The ravages of old age takes toll of  great oak trees too,  but not before they have grown tall and stood firm. Commodore Chaman Lal Sachdeva (1930-2020) aged 90 was that,  who with others contributed to the building of what is today, India’s fine Navy. He was one of the  pioneer UK trained officers soon after Independence in 1948, having joined at 18. He  lived life, serving  the Navy’s  Ensign in India and abroad  and married Sunita in 1959, a couple that we all got to know well,  as they steered the retired Navy Foundation to heights.

Chaman  strived with self less  devotion  for  the retired Naval  Foundation fraternity using his Naval thirty years and eight  years experience working as one of Shaw Wallace’s head after an amazing naval career, being one of the those who inculcated  traditions of Hard work, Integrity and Hard Play  in those who served under him ! His ship Udaygiri won laurels mentioned below. .

Cmde Sachdeva handed over the Foundation to Vice Admiral SK Chand former Vice Chief  who has contributed to this piece and he and his wife Pushpa became friends of Sachdevas for life ! And they were also members of an amazing group of lively ‘Ladies’ known as Disha, who help each other, meet for book reviews and travel together, with their hubbies!.

 Chaman was born on 6th  Jan 1930 in Dera Ghazi Khan, now in Pakistan and late Surg Cdr Tarun Prakash who was  the Doctor shipmate of IDF on INS Vindhyagiri used to relate how their parents were close friends and hence a lifelong close relationship  ensued between the Tarun and Capt  Dr Gita Prakash Ex AMC, his wife. They met in AFMC. Sadly Tarun an ENT succumbed  to Parkinson’ under Gita’s loving care few years ago, who now is at MAX and known as Defence Colony’s ‘Night Angel’  to the poor, she treats selflessly in the evenings.

Gita  never misses to answer a phone call from one in need ! Both cared regularly for Chaman and Sunita who was born in Rawlpindi  and supported them for  their medical needs and dined  regularly with their close Uncle and Aunt, and at IIC and DGC and at times included us.  Gita recalls how she met ailing Chaman who was frail and losing sight but bearing up with jokes to the last  like an oak, on  the day before he breathed his last  on 11th April.  Poignantly she helped in the lonely last rites  and says, “It was the saddest Death Certificate I have ever signed. ” It was lock down, and even the Sachdeva’s son Rupain in Dubai has not been able to come, and nephews attended to  the last rites.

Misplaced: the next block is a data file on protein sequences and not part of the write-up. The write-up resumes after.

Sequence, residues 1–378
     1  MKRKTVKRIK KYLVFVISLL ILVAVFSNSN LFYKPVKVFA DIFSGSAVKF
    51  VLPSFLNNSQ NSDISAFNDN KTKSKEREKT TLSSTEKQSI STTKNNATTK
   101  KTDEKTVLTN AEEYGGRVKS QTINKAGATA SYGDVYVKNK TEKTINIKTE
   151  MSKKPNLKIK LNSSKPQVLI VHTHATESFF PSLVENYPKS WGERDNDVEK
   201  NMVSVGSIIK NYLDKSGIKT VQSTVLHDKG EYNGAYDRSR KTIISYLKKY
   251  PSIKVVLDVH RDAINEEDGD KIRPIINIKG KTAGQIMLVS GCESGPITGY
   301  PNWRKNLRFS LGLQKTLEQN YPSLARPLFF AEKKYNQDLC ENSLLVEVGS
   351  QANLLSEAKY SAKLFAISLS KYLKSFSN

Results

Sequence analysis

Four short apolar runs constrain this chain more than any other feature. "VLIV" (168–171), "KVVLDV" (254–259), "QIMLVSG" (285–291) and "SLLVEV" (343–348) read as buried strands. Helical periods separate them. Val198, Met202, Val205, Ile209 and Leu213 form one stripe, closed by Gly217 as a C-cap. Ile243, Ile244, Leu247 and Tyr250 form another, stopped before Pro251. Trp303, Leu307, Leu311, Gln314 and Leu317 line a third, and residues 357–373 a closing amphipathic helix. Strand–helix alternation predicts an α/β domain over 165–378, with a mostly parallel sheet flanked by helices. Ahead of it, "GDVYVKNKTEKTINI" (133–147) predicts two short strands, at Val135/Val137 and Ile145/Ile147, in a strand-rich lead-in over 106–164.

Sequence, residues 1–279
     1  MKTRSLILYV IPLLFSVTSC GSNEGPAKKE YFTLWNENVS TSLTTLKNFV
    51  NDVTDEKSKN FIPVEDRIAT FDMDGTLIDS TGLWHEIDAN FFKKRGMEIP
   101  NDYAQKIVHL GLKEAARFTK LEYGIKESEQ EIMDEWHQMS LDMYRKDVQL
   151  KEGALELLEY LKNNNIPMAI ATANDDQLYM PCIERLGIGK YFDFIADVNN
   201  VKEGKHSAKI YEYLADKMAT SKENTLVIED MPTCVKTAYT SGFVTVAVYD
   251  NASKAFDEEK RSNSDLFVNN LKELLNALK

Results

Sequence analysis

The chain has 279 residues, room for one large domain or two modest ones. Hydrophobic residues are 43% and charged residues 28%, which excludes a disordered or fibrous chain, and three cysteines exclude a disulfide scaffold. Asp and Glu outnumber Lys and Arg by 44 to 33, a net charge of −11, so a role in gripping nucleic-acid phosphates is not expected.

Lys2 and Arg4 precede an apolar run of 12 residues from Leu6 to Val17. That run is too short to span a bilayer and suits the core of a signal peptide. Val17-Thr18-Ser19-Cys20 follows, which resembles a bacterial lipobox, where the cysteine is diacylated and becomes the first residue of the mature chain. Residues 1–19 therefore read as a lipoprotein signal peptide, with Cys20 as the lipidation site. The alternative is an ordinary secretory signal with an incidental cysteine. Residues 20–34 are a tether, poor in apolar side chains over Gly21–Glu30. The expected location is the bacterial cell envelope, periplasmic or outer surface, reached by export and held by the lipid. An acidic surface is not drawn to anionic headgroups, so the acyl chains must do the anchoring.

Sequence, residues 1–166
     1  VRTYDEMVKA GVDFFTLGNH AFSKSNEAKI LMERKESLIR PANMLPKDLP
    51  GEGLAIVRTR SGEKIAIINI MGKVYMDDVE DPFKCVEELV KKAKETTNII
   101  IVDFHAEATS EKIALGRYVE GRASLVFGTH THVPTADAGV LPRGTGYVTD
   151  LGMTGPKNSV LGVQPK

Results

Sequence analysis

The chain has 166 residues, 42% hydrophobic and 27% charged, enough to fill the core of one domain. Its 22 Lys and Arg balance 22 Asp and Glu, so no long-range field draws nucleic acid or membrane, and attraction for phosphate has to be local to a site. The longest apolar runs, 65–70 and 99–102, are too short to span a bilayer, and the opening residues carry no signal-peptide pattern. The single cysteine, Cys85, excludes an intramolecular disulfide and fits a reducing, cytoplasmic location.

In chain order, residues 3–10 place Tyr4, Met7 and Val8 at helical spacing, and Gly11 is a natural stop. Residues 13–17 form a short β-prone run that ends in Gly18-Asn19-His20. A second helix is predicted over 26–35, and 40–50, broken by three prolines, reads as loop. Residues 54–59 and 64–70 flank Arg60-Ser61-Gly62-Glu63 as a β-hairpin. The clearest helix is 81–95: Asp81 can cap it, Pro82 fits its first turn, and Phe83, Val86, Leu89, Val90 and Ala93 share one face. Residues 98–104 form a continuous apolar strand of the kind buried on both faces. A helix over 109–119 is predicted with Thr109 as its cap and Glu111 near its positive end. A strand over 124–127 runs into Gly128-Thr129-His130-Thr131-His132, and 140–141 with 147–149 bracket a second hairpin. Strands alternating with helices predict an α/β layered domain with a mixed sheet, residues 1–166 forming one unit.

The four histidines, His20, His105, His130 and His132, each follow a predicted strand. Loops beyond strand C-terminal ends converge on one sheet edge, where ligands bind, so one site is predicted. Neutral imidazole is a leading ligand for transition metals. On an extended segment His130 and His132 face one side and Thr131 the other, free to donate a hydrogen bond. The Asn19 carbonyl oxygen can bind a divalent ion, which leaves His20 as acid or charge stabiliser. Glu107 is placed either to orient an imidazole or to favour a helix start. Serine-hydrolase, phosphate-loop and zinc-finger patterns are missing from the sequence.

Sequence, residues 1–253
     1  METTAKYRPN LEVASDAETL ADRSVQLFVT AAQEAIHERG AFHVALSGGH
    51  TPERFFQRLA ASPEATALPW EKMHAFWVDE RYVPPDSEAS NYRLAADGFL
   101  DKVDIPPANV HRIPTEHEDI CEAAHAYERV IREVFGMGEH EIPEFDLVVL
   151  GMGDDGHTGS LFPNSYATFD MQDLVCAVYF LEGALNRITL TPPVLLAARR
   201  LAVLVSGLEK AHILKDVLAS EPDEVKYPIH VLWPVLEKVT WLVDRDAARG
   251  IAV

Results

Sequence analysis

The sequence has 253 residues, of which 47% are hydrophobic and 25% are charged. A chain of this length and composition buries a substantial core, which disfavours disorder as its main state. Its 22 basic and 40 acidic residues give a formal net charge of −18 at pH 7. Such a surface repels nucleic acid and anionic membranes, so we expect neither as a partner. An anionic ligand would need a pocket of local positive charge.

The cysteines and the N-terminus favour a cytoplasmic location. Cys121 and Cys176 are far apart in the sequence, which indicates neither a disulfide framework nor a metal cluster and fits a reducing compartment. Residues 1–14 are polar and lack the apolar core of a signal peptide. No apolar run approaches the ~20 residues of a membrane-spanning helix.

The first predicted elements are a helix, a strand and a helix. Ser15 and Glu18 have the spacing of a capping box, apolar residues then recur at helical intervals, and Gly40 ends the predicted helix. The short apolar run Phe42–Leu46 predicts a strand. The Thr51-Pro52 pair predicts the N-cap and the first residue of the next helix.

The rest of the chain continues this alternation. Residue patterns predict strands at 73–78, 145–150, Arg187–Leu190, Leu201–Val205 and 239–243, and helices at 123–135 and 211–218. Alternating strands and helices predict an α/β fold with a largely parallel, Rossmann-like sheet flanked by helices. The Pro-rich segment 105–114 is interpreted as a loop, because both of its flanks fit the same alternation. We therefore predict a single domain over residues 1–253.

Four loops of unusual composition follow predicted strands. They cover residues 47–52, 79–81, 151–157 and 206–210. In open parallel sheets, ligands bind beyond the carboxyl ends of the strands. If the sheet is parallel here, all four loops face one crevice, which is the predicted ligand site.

The Commodore studied in  a College in Lahore, and the family  faced the ravages of partition before  moving  to  Delhi where he appeared for the entrance examination conducted by the Federal Public Service Commission, now UPSC. In 1948 the young lad, with others proceeded  to UK  by a ship to undergo the long Benbow Cadets training in Dartmouth,  and sea trained on board war hardened Royal Navy ships like HMS Devonshire. He was commissioned in India on 01 Jan 1951. Chaman’s term mates were KK Nayyar (later VCNS), Rajapan Bhalla and  Babru Yadav MVC of the  1971 missile attack fame on Karachi, while CNS Ram Tahiliani was four months senior. All may have met again in another Wardroom.

 Lt Chaman was deputed to attend the  Long ‘C’ course  at HMS Mercury in UK and on return took over as the Flag Lt to India’s first  Naval Chief Admiral RD Katari and held  this appointment till 1961. Then  to sea, as the Executive Officer of  INS Trishul a powerful new Anti Submarine Whitby Type 12 with analogue computer controlled 4.5” Mk 5 guns  built at Birkenhead by Cammell Laird.  Later he was appointed as the first ever Naval Assistant to the CNS Admiral Adhar Kumar Chatterji in the late 60’s, on recommendation of Adm Kirpal Singh ACOP then. Till then Chiefs had a Supply Officer Secretary, but Navy was coming of age.